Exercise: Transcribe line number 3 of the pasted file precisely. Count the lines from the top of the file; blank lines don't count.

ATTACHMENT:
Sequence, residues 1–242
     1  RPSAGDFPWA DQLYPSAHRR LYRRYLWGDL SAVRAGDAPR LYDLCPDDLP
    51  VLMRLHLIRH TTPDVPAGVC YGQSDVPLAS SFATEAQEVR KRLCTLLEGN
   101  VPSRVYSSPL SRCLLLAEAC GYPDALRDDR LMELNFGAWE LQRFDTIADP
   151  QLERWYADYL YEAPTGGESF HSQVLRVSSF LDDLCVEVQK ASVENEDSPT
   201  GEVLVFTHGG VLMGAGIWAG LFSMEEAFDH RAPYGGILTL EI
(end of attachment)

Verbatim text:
    51  VLMRLHLIRH TTPDVPAGVC YGQSDVPLAS SFATEAQEVR KRLCTLLEGN